6. True, Ambigulous. Although we are honest, have benevolent intentions and delight when justice prevails – sadly, we do not have the finance nor the coercive power to put our brilliant ideas into effect. As I write this, I am listening to ABC-TV’s “Q and A” on this very subject – the eloquent politicians on the program are doing their best but, alas, too little, too late: their “Titanic” has taken on too much water and now cannot steam on, no matter what they say or wish..
    Still, we can continue to post here and hope for a better world.

  7. Graham, yes it’s grim.

    I’d like to remind folks that back in late 2012 Julie Bishop was chief dirt thrower at Julia Gillard over the so-called AWU affair. Where there’s smoke, there’s fire etc etc.

    Bishop showed herself as either a very bad lawyer, or a ruthless and malicious liar. I have no respect for her as a politician.

    If people missed it they might like to check out Amanda Vanstone’s interview with James Hoggan, joint author of I’m Right and You are an Idiot: The Toxic State of Public Discourse and How to Clean it up.

    He says in the modern world dialogue has been sacrificed in favour of people chucking crap at each other. It’s not just here in Oz that’s a problem.

  8. You’re right, Brian.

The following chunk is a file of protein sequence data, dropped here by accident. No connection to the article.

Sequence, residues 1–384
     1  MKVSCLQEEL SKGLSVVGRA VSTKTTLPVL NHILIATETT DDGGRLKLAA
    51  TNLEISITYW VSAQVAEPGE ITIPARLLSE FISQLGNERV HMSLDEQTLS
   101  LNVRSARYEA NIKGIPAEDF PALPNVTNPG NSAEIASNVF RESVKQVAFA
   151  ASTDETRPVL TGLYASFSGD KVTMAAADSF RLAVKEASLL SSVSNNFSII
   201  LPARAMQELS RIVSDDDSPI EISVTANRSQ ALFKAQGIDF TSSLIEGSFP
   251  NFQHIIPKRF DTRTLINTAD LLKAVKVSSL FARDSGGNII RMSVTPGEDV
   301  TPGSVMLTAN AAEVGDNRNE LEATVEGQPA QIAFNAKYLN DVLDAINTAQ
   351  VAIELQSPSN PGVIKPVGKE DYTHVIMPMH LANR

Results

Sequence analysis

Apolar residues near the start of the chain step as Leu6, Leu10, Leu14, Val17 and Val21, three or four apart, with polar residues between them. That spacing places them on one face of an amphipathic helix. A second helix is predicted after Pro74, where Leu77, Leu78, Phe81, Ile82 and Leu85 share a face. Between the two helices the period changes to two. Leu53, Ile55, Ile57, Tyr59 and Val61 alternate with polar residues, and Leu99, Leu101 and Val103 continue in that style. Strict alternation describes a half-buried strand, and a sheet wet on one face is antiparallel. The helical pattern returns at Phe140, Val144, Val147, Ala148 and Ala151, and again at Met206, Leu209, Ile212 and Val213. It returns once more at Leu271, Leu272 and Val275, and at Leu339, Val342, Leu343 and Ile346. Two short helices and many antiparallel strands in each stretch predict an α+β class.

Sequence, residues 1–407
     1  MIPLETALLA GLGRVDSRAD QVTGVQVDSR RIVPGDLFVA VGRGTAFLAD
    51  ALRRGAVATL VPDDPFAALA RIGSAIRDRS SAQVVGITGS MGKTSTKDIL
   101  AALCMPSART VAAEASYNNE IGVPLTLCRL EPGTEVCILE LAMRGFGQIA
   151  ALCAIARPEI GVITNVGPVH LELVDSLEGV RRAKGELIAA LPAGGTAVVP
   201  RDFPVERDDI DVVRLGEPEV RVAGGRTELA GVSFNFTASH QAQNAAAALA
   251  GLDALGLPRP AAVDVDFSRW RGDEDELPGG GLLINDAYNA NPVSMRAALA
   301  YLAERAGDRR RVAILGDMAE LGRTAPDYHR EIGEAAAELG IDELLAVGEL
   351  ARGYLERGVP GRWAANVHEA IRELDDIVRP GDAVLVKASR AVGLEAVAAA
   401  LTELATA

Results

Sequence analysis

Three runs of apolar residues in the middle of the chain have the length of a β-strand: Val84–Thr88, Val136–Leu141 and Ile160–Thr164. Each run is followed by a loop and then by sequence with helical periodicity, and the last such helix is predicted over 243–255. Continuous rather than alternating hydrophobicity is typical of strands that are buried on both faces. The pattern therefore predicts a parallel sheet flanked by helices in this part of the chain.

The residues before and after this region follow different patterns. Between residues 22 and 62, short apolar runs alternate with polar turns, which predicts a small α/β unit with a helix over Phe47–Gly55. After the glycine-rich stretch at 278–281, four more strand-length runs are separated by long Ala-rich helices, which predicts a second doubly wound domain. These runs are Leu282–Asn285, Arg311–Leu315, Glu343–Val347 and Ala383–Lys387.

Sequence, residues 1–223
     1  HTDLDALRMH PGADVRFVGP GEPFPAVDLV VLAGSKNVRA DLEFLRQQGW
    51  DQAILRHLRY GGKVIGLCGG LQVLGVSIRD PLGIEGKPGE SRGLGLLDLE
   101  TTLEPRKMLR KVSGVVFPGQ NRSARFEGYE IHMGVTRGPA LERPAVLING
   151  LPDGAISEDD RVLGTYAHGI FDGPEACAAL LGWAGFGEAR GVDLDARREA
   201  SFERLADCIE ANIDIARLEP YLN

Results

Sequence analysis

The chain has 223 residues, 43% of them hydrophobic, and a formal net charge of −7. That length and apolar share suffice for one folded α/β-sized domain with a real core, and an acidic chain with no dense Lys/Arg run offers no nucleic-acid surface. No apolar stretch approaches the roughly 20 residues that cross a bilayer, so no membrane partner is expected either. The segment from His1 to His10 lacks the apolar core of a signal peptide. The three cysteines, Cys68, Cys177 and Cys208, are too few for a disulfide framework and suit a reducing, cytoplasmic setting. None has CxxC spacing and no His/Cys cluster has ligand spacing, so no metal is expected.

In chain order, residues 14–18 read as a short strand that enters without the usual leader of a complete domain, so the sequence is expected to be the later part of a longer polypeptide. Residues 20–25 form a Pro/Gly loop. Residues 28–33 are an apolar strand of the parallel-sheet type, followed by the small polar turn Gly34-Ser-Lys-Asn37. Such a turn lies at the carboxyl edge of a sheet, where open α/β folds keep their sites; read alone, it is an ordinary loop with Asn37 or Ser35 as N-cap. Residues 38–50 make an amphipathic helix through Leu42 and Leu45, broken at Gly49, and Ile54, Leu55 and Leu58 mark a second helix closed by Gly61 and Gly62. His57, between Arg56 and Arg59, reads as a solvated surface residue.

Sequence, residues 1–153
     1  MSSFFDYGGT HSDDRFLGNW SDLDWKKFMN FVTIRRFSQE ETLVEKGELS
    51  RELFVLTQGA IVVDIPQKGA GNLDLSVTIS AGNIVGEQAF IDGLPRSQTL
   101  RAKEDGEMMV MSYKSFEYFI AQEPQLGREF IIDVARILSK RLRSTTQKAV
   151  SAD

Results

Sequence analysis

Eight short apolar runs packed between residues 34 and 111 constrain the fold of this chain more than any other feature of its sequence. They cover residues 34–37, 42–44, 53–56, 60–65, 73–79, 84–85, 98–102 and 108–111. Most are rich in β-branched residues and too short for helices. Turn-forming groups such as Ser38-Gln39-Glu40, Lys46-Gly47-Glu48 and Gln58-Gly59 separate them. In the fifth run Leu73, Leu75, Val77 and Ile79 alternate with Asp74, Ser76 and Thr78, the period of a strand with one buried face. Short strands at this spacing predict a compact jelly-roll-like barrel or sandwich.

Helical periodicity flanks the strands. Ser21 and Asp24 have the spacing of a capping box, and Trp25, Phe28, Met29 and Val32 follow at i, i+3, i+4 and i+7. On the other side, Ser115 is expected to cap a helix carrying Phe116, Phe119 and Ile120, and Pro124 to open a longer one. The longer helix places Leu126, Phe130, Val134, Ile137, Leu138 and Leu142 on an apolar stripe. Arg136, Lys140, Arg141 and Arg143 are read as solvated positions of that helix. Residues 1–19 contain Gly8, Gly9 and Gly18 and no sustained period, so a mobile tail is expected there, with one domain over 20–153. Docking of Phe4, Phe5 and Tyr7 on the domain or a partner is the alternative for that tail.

I think the extreme partisanship is worse in the USA than here, and has been so for at least 30 years; not begun by Trump/Clinton. The unwillingness to compromise is worrying.

    “The Federal Govt will close down later this week.”
    “Oh really?” Yawn……

    Graham, I don’t believe that blogs will save the world, but they do provide a testing ground for ideas and a valuable forum; less mediated, for example, than the Letters page of a newspaper, but with a much smaller reach of course. And the range of good, reliable info on the internet these days is astounding.

    Meanwhile the politicians stumble around in a mental soup…

    If Q&A is to be revived: ban politicians!

  9. Churchill is reported to have said something like: “Democracy is a flawed system of government but it is much better than the alternatives.” True then and true now. What I like about Australian democracy is that, despite imperfections it is able to change governments without bloodshed when it is really necessary .
    Improvements to our system are possible. It is why I rabbit on from time to time about the advantages of alternatives such as 3 Member Electorates

  10. This is getting murkier and murkier. Didn’t we hire people to represent our interests? If we did, where the hell is the quality assurance in all this?